ICR Conference 2021 Highlights: Restaurant Recovery Overview


The 2021 ICR Conference featured numerous public and private companies across the restaurant and food distribution landscape discussing the current environment, recovery efforts, and the (eventual) post-pandemic landscape.

While restaurant sales trends weakened in late 2020 due to further capacity restrictions, investors are clearly looking past these near-term challenges (as reflected by current valuations, with many companies at or near their pre-pandemic 52-week highs) in hopes of being rewarded with more efficient business models following this disruption. In fact, many believe that the negative effects on in-restaurant traffic from “social distancing” by consumers will begin to fade as COVID-19 vaccines become more broadly available, leading to broad-based industry traffic improvement by the second half of 2021.

That said, there are still some lingering risk factors (i.e., possible national minimum wage hikes, structural changes in consumer behavior), making some analysts more selective with stock recommendations. Specifically, they are favoring companies that: have the best chance of delivering share gains and strong earnings power exiting the pandemic; have good longer-term compounding growth characteristics or above average 2022 earnings visibility; and are trading at a relative valuation discount.

Here are a few common themes that transcended the 2021 ICR Conference presentations:

  • Restaurant Sales Recovery Stalled in December: As virus cases spiked and states like California implemented more stringent lockdowns, industry sales trends faltered. After a consistent and steady recovery since April, industry same store sales as measured by Knapp-Track declined (21.8 percent) in November and (30.0 percent) in December. Not surprisingly, the weakness was led by California, which banned indoor and outdoor dining on December 6.
  • Suburbs Outperforming Urban Markets: Also not a surprise, better performance in suburban markets was especially true for more upscale brands. Notably, some higher-end concepts said that they were performing exceptionally well on the weekends in the suburbs.
  • Stimulus Checks: Recent stimulus checks are viewed as aiding the industry’s recovery, with near-term sales likely experiencing some boost (especially for quick-service). Wide availability of the vaccine, however, was really seen as the only true cure.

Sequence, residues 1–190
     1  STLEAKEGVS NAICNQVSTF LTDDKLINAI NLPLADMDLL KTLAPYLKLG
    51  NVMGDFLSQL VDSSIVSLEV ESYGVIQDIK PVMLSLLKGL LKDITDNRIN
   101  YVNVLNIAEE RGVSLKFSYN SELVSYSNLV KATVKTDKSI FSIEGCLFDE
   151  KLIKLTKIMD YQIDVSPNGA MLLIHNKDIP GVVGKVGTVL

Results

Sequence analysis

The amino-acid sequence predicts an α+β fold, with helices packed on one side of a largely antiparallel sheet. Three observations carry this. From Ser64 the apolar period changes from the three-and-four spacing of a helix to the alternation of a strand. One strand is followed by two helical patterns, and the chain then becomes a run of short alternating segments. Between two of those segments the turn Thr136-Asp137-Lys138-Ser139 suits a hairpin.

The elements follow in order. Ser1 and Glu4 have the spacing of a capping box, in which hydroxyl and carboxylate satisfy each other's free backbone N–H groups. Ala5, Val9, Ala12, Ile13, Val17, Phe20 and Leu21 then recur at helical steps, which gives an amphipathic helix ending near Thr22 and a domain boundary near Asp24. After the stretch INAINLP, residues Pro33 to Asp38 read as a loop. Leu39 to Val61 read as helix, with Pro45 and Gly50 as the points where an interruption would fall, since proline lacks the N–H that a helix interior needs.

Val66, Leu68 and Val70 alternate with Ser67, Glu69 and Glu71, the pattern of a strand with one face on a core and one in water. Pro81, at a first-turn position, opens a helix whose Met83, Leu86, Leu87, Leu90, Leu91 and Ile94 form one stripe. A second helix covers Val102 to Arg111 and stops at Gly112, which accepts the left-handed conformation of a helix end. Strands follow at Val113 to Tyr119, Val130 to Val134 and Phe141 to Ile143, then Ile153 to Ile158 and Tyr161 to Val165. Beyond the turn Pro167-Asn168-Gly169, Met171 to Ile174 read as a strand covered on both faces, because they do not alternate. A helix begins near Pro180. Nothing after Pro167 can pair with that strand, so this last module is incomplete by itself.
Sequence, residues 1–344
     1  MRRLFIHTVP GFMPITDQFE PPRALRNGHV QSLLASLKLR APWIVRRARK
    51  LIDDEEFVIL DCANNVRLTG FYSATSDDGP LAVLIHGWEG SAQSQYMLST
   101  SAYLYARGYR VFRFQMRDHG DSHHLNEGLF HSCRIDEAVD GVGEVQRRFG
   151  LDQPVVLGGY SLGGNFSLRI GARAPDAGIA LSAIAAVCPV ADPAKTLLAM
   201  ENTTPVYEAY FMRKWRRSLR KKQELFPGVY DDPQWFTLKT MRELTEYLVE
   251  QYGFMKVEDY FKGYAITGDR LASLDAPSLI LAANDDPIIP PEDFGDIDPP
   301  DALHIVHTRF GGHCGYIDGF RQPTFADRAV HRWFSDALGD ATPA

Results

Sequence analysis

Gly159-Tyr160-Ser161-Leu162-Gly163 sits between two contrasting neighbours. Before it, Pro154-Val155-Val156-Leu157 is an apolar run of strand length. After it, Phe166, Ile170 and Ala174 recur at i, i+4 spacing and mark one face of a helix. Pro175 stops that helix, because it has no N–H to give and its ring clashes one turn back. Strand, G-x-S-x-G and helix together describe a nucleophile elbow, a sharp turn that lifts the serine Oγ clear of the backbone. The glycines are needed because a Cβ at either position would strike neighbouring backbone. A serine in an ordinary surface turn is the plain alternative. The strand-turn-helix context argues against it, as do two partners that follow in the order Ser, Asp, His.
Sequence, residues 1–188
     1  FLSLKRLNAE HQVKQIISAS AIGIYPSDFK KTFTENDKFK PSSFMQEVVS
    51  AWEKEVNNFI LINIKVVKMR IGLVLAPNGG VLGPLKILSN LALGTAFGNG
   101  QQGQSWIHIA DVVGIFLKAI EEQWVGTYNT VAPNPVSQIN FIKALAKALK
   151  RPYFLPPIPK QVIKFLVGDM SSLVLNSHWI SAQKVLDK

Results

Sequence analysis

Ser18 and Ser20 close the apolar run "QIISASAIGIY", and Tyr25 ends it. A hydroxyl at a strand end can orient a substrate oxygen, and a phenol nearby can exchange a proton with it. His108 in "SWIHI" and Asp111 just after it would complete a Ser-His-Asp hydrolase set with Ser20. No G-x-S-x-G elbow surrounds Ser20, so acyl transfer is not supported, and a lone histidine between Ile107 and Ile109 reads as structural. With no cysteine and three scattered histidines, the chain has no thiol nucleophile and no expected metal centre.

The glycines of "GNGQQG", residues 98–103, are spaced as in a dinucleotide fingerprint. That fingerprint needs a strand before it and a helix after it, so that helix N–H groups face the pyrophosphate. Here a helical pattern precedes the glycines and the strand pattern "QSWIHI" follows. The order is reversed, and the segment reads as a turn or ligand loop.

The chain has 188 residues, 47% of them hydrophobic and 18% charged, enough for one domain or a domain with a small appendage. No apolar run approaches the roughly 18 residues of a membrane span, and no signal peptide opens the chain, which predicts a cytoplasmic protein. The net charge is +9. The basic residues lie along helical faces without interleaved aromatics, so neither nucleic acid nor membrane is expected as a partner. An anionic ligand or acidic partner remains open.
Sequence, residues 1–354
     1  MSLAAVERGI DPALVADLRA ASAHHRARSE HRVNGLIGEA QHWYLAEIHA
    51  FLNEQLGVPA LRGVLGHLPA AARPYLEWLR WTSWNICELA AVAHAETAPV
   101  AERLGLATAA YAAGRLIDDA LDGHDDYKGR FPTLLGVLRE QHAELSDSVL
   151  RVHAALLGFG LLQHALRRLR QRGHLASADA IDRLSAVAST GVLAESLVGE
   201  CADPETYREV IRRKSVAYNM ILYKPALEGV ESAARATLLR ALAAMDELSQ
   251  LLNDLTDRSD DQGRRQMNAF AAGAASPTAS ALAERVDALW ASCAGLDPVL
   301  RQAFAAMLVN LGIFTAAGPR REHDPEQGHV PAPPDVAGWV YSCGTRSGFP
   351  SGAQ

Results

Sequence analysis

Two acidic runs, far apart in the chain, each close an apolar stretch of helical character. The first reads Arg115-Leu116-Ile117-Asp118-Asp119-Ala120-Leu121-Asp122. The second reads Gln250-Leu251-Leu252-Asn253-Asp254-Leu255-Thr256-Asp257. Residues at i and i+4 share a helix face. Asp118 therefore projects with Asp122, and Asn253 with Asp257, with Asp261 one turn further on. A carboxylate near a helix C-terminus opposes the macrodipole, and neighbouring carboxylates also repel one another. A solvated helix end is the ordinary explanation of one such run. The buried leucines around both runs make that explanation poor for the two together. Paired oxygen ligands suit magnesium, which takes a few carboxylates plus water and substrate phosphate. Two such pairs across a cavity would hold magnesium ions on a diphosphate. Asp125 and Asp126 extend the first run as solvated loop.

• Uneven Recovery Predicted: The industry recovery is likely to be uneven as it unfolds this year, more pronounced on the West and East Coast which have had more stringent capacity limitations for greater periods of time.
  • Tough Times Breed Good Habits, Chains Poised to Take Share: Changes many chain restaurants have implemented during the past 11 months will lead to greater market share and higher margins once pent-up demand is unleashed. According to the National Restaurant Association (NRA), approximately 53% of casual dining operators and 35 percent of quick-service operators reported having fewer menu items compared with pre-COVID. These reductions are leading to more streamlined operations, faster service times, and greater profitability. Restaurant operators should therefore see a noticeable margin boost as sales recover. In addition, NRA estimates that 110K, approximately 17 percent of restaurants, have closed from COVID-19. With fewer restaurants expected to survive by 2022, operators see unit growth potential even as consumer demand for off-premises eventually settles to higher levels than pre-COVID.

While restaurants have been hard hit by the pandemic, 2020 forced businesses to revise offerings and processes so that those who emerge post-pandemic will likely be stronger and more financially sound.

If you missed the 2021 ICR Conference, you still have the opportunity to access all conference presentations and panels on-demand. Register here to receive full access.